From Minimalist Music to Postopera: repetition, representation and (post) modernity in the operas of Philip Glass and Louis Andriessen

Authored by: Jelena Novak

The Ashgate Research Companion to Minimalist and Postminimalist Music

Print publication date:  November  2013
Online publication date:  March  2016

Print ISBN: 9781409435495
eBook ISBN: 9781315613260
Adobe ISBN: 9781317042556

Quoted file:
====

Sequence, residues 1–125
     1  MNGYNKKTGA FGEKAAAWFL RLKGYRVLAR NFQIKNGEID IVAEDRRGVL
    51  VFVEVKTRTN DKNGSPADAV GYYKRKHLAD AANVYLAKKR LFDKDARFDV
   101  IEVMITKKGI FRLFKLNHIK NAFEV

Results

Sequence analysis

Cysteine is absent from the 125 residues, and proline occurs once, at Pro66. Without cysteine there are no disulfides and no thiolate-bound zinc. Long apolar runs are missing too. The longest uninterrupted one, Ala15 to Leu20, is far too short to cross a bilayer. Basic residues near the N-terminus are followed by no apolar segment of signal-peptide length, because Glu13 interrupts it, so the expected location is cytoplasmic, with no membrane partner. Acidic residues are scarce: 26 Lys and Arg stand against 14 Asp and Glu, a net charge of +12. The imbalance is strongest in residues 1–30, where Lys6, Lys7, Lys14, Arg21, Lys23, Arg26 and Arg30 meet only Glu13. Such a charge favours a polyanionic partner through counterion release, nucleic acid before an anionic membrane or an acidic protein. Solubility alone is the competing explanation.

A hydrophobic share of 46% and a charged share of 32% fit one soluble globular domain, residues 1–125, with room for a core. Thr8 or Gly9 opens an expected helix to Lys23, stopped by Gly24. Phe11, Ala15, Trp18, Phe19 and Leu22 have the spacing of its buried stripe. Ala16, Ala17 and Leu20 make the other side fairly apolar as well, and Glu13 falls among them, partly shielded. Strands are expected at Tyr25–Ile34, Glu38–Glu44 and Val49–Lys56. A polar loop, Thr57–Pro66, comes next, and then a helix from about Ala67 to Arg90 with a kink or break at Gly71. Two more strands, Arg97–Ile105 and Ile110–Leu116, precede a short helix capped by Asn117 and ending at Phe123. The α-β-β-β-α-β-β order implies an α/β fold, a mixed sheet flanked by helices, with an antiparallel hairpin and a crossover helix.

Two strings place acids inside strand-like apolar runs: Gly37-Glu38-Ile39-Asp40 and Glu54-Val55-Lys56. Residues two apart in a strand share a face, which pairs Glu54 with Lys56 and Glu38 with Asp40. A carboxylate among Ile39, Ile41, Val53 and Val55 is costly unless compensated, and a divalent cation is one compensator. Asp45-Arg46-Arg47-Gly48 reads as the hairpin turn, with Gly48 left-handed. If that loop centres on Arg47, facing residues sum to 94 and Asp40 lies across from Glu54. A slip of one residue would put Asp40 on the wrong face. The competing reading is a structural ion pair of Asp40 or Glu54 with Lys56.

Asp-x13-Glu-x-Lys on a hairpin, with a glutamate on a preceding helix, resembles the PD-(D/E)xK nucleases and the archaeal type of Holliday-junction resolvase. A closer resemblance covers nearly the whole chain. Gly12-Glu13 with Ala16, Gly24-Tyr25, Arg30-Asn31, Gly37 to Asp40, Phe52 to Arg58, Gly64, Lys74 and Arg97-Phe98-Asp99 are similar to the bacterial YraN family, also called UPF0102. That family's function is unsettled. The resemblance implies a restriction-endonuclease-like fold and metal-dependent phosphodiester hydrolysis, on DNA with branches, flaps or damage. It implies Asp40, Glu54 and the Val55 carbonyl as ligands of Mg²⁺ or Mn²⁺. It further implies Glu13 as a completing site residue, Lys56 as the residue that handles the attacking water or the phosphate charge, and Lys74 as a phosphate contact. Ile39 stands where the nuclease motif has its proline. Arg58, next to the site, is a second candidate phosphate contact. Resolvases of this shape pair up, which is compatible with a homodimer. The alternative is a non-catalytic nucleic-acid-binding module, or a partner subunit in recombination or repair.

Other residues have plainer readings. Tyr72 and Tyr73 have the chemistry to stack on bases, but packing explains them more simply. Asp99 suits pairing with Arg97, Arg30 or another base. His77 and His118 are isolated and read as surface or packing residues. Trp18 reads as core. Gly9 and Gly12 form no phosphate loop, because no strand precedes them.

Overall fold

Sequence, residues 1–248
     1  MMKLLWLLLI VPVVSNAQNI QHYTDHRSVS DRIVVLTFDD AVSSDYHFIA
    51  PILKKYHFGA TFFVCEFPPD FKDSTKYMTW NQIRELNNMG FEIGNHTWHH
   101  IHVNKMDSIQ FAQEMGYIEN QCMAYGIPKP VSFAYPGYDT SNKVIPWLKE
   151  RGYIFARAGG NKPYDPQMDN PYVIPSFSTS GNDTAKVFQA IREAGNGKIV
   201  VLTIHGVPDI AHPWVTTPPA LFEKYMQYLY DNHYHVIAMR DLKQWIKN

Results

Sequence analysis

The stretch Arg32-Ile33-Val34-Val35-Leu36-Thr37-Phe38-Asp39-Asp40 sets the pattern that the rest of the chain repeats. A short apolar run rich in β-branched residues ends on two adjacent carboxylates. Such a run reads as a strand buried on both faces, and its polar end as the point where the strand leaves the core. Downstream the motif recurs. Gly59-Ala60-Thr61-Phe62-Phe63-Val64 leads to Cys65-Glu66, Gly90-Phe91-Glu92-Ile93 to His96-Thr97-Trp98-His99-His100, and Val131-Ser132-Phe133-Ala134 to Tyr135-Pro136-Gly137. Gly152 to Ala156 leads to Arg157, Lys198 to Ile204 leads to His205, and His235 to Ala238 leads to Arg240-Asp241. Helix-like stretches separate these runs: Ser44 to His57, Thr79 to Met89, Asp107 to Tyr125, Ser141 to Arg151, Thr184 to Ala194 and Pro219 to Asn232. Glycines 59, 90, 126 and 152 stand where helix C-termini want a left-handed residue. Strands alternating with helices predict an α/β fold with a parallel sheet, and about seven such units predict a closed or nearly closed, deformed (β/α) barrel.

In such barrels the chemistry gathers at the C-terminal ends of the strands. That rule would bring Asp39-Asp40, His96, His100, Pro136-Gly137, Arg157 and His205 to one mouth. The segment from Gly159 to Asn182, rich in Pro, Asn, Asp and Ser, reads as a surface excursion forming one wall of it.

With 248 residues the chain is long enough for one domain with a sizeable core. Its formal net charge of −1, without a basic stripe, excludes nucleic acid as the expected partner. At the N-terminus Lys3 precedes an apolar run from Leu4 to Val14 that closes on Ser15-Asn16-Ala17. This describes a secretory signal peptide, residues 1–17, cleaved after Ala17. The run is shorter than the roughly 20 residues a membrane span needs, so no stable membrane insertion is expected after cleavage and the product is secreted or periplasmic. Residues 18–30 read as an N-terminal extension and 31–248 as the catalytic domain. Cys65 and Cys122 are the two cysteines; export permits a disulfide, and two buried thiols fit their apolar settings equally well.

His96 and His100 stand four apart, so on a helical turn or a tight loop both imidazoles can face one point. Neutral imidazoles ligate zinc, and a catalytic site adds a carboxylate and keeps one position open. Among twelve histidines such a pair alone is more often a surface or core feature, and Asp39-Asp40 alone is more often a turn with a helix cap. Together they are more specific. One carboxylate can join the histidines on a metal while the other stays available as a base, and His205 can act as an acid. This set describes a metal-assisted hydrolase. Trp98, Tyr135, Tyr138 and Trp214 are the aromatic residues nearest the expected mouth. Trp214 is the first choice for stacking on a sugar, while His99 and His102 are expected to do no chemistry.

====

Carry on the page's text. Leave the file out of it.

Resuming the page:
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If rigorous early repetitive minimalist music was about something at all, it was about music and its own structure. For example, works such as Philip Glass’s Music in Similar Motion and Music in Contrary Motion (both 1969) and Louis Andriessen’s Melodie (1972–74) and Hoketus (1977) are highly self-reflexive and focus primarily on structuring sound in time. Glass, Andriessen – and also Steve Reich – are today, however, among our leading contemporary opera composers. They have moved from the self-reflexive sound structures of early minimalism, exploring the mechanisms of repetition, and ‘applied’ these to opera. These days, they use the techniques elaborated in their early works in order to ‘recycle’ other musical languages through them, and in the process this music becomes engaged with extra-musical phenomena.

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